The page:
Page last updated at 11:11 GMT, Friday, 5 March 2010

Lawlessness after quake in Chile fishing village

Residents siphon fuel from a ransacked petrol station in Talcahuano, Chile
Talcahuano residents siphon fuel from a ransacked petrol station

By Will Grant
BBC News, Talcahuano

Rene Orellana sleeps with a shotgun in his hands. "I have to," he says, motioning towards a shattered window frame covered with a tarpaulin.

"The looters have been into this room and took thousands of pesos and my wife's jewellery."

The small fishing port of Talcahuano is only a few kilometres down the coast from Chile's second biggest city, Concepcion, where the military and the police are out on the streets in their thousands.

Yet, it is a world away in terms of security.

The harbour has been decimated - first by the earthquake and then by the 15m-high (49ft) tsunami which threw boats and shipping containers out of the sea and into the port with massive force.

This was always a difficult place to live
Daniel Gonzalez
Talcahuano resident

Dozens of containers are now strewn around the harbour as though they were cardboard boxes, having crushed several people in their cars in the process.

In this scene of devastation, looters have made the most of the chaos. Many of the containers have been opened and their contents, be they bananas, nappies or computer equipment, taken by the desperate hordes.

"I've fired 500 of the 2,000 rounds of ammunition I've got," says Mr Orellana, who works for the Ministry of Public Works, showing off his gun licence.

"I fire over their heads to scare them off, and so far, it's worked."

Fending for itself

Neighbourhood vigilante groups such as the one led by Mr Orellana are cropping up across Talcahuano, as the security situation shows few signs of improving, days after the tsunami brought industry in this coastal village to a shuddering halt.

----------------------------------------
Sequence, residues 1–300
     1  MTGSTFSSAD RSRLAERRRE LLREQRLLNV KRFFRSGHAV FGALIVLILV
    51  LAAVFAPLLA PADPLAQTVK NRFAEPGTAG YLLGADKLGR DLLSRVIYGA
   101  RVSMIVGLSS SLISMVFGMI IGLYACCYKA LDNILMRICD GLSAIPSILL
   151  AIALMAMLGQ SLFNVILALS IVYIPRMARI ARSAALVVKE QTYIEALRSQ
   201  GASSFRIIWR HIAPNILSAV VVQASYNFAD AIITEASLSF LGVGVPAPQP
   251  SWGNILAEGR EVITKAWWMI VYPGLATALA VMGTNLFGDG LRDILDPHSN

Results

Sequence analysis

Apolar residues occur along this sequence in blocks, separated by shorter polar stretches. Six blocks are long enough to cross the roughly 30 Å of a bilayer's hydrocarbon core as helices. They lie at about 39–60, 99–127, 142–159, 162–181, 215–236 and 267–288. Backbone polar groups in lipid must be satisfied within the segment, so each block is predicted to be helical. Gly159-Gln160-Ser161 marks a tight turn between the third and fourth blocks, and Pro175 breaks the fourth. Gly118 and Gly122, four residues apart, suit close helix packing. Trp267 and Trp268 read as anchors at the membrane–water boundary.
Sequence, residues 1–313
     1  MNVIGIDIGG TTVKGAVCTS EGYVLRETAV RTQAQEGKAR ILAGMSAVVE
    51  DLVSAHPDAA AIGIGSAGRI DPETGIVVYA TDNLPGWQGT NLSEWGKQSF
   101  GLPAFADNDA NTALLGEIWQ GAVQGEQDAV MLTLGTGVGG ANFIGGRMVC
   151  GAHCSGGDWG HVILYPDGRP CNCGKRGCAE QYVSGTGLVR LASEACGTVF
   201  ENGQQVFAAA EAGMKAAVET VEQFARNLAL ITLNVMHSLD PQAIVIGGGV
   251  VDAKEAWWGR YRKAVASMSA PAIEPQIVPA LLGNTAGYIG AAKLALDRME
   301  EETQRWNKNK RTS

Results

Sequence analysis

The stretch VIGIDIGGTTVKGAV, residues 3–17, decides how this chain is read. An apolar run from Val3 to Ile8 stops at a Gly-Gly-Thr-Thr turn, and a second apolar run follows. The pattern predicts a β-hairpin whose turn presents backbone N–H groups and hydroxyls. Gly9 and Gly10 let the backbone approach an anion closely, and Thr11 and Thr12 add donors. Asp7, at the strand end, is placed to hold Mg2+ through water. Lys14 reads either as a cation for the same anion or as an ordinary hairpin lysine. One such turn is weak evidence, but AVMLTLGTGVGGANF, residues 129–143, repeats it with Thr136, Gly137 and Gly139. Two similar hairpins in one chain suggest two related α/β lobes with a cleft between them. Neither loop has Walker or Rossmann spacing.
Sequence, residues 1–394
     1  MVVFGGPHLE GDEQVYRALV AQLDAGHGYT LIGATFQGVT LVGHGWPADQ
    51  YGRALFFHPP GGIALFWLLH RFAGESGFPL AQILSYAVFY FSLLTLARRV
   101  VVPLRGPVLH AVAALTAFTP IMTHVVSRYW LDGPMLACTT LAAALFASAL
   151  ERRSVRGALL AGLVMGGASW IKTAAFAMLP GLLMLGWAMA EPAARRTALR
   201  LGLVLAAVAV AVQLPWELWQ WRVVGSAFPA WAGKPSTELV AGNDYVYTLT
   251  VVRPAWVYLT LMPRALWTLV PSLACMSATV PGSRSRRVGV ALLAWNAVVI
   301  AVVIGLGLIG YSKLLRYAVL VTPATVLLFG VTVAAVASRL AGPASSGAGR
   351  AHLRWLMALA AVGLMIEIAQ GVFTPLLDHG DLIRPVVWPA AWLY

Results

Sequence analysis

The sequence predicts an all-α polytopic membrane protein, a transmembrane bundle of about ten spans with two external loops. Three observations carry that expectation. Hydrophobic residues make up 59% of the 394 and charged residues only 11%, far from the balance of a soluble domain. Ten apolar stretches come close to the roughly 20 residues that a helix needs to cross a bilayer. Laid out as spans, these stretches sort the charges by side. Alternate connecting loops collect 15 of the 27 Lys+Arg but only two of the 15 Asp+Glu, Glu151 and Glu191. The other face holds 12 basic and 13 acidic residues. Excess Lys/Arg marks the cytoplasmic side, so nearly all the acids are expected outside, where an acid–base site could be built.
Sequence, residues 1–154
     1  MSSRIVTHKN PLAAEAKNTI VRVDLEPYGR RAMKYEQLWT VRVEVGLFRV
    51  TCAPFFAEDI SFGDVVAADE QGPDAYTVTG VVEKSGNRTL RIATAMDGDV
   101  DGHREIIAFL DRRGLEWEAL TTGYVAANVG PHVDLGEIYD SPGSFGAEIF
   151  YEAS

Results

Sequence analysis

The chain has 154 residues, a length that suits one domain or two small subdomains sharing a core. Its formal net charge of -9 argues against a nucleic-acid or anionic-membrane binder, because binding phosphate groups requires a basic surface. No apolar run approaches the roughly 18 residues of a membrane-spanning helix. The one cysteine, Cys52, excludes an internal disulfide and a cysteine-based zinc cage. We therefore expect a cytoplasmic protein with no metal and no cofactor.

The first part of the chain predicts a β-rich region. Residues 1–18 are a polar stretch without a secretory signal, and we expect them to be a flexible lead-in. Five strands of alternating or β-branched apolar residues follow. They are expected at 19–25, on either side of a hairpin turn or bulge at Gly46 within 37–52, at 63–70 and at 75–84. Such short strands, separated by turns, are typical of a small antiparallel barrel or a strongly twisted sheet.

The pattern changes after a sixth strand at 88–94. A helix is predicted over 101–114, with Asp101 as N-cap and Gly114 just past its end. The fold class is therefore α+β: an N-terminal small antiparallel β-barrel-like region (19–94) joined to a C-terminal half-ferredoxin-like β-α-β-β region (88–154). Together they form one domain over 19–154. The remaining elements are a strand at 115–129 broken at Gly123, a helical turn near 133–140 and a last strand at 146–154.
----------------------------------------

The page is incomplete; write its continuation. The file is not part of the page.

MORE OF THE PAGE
Banks are mere shells of smashed glass and metal, after the waves and then the thieves took everything inside.

Rene Orellana from the Ministry of Public Works, Talcahuano, Chile
Rene Orellana has fired hundreds of warning shots to ward off looters

Pharmacies and petrol stations have been ransacked too, as the few police present in the town watch on while residents siphon the remaining fuel from the tanks at the petrol pumps.

They only spring into action when tempers boil over or someone starts attacking one of the few cash machines still standing.

"This was always a difficult place to live," says one of Mr Orellana's neighbours, Daniel Gonzalez, who has lived in Talcahuano all his life.

"It is a poor neighbourhood like Boca in Buenos Aires or a favela in Brazil. A tough place, but normally with a good community spirit."

But now, he says, no-one is safe.

A question neither residents nor the authorities seem able to answer is why a village which is barely 10 minutes away from Chile's most militarized city has been left to fend for itself.


"We're concentrating on getting the aid and the security to other parts of the region which are in an even worse state," says one police officer on duty, Ricardo Cariaga.

Daniel Gonzalez
Daniel Gonzalez says no-one is safe in Talcahuano these days

Faced with a near impossible task until reinforcements arrive, he says they are just trying to keep the peace and make sure there is no further violence between the looters and the property owners.

Opinions on the security situation vary. Some people in Talcahuano say the crime is simply the result of a failure on the behalf of the authorities and the growing desperation of people in need of food, water and fuel.

Others are less tolerant.

"There can be no excuse for such pillaging and theft in today's society," says Alejandro Quiroz, who works with the Port Authority in Talcahuano.

In the midst of the carnage of the harbour, he is trying to make sense of the situation for a report to his employers - the first step, he says, in trying to rebuild a decimated fishing industry.


"There were two catastrophes here. Beyond the natural damage caused by the tsunami and the earthquake, there has been so much human damage. It's totally unacceptable."

Our conversation is suddenly cut short by the sound of gunfire in the streets behind us. Mr Quiroz barely flinches. "This happens every day," he says.

"Without military authority in the village, something must be done to protect people from all of this."

Meanwhile Rene Orellana continues to survey the port from his rooftop, his weapon slung over his shoulder.

"I've personally saved dozens of people from attack in this apartment block," he says with pride.

His seaside view may have been obliterated by the stacks of empty containers pressed up against his outside wall but residents like Mr Orellana are not prepared to lose anything else to the tsunami.

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